The Heavens Declare
By John A. Tvedtnes
When I consider thy heavens, the work of thy fingers, the moon and the stars, which thou hast ordained; What is man, that thou art mindful of him? and the son of man, that thou visitest him? (Psalm 8:3-4)
Like the psalmist, I stand in awe at the beauty of the heavens and the earth and the way in which they sustain the life of mankind and his fellow creatures. Truly “the heavens declare the glory of God; and the firmament sheweth his handywork” (Psalm 19:1), and “even the earth, and all things that are upon the face of it, yea, and its motion, yea, and also all the planets which move in their regular form do witness that there is a Supreme Creator” (Alma 30:44).
During the last few centuries, science has learned a great deal about the earth and its place in the universe. We now know the conditions that can enable us and other living things to thrive. From time to time, as I meditate and pray, I consider these conditions and thank God for them. I would like to share some of my thoughts on this matter.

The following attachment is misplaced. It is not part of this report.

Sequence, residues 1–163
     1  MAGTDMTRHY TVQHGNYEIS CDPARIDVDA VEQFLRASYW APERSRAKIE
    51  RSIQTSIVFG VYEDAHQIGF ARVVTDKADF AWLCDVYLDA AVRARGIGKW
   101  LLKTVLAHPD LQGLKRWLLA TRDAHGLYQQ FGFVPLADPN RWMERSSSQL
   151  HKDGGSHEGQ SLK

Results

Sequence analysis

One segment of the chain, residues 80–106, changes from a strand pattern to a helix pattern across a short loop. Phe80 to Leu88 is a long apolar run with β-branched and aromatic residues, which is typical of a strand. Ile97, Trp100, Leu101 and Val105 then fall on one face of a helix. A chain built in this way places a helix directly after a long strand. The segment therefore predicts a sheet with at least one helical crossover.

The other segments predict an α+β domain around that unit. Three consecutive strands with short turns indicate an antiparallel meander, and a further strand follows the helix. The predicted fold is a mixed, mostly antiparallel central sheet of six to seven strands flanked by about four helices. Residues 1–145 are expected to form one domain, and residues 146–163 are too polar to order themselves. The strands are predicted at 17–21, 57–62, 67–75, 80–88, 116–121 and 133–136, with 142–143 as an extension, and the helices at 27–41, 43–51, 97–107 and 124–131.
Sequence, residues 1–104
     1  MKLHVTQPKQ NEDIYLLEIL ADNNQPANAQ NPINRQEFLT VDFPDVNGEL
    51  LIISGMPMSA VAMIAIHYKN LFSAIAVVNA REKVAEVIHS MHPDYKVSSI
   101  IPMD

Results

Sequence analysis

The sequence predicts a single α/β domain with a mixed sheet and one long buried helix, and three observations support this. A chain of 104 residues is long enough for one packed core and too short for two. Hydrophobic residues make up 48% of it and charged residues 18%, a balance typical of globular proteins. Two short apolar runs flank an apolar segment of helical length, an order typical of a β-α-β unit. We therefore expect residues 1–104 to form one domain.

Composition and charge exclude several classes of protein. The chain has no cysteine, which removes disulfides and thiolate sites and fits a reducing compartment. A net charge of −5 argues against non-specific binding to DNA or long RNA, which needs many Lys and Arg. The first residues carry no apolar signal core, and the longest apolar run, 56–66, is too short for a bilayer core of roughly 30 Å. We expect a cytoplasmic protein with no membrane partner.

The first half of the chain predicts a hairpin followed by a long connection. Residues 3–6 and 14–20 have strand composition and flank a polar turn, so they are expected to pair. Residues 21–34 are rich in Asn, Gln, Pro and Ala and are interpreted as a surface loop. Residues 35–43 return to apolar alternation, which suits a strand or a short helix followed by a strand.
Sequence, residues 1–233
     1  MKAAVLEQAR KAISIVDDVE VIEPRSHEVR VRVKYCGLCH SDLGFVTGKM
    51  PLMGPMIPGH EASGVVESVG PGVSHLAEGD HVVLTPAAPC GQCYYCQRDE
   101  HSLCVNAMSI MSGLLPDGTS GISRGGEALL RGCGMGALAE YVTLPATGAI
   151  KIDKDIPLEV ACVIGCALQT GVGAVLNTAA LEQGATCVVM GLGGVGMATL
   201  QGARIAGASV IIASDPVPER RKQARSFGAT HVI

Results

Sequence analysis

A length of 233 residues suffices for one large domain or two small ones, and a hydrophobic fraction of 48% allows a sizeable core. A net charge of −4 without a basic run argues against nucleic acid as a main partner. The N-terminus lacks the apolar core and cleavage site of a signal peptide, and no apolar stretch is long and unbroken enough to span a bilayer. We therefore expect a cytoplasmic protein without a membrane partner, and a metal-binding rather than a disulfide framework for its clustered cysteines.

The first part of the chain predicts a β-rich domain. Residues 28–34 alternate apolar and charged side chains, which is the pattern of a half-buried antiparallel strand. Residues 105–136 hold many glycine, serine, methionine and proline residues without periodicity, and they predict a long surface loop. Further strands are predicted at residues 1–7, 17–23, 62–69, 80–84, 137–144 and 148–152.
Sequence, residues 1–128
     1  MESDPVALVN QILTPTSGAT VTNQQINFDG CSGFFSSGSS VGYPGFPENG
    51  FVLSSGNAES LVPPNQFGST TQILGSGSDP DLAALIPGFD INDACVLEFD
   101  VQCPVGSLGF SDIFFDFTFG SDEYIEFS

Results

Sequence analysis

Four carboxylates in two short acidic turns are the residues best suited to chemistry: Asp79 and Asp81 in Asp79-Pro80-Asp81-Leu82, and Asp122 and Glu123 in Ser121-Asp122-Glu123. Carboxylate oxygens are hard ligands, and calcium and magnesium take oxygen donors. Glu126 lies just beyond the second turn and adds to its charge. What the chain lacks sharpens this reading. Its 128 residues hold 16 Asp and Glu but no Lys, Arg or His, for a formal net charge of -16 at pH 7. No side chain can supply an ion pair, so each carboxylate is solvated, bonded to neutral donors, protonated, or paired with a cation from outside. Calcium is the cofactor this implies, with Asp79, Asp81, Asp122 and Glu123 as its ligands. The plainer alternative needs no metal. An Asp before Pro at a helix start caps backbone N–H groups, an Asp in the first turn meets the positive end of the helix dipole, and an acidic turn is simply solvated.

For man is spirit. The elements are eternal, and spirit and element, inseparably connected, receive a fulness of joy; And when separated, man cannot receive a fulness of joy. (D&C 93:33-34)
The earth consists of all of the elements and compounds necessary to life, such as oxygen, carbon, hydrogen, and others. A large percentage of the human body is comprised of water, itself made of hydrogen and oxygen. In addition to the oxygen in water, this element constitutes roughly one-fifth of the atmosphere we breathe. It is essential to the process by which the body converts sugars and fats into energy.
As we and other creatures breathe, we take in oxygen and other gases and exhale carbon dioxide (comprised of carbon and oxygen) as a waste product. Without other forces to counteract it, after eons of time this could result in the depletion of the oxygen in earth’s atmosphere. This is where plants and oceanic plankton come in. They take in carbon dioxide, use the carbon as one component of cells, and release oxygen into the atmosphere.